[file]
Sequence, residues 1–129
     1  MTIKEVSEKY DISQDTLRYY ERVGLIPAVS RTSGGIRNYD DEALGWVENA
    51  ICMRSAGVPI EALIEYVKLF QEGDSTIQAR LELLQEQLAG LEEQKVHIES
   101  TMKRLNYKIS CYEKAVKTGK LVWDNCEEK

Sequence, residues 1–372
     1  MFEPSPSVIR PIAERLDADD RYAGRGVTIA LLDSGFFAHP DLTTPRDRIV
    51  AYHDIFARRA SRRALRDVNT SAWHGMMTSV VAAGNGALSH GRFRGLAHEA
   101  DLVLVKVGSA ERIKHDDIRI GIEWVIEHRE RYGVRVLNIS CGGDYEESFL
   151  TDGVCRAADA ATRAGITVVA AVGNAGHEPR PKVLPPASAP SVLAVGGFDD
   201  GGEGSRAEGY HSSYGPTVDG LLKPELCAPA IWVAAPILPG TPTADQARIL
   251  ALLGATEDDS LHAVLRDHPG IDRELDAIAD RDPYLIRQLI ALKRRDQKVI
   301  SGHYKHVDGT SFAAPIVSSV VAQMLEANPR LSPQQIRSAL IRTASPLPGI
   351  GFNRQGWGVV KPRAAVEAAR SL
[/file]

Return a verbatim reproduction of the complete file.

Sequence, residues 1–129
     1  MTIKEVSEKY DISQDTLRYY ERVGLIPAVS RTSGGIRNYD DEALGWVENA
    51  ICMRSAGVPI EALIEYVKLF QEGDSTIQAR LELLQEQLAG LEEQKVHIES
   101  TMKRLNYKIS CYEKAVKTGK LVWDNCEEK

Sequence, residues 1–372
     1  MFEPSPSVIR PIAERLDADD RYAGRGVTIA LLDSGFFAHP DLTTPRDRIV
    51  AYHDIFARRA SRRALRDVNT SAWHGMMTSV VAAGNGALSH GRFRGLAHEA
   101  DLVLVKVGSA ERIKHDDIRI GIEWVIEHRE RYGVRVLNIS CGGDYEESFL
   151  TDGVCRAADA ATRAGITVVA AVGNAGHEPR PKVLPPASAP SVLAVGGFDD
   201  GGEGSRAEGY HSSYGPTVDG LLKPELCAPA IWVAAPILPG TPTADQARIL
   251  ALLGATEDDS LHAVLRDHPG IDRELDAIAD RDPYLIRQLI ALKRRDQKVI
   301  SGHYKHVDGT SFAAPIVSSV VAQMLEANPR LSPQQIRSAL IRTASPLPGI
   351  GFNRQGWGVV KPRAAVEAAR SL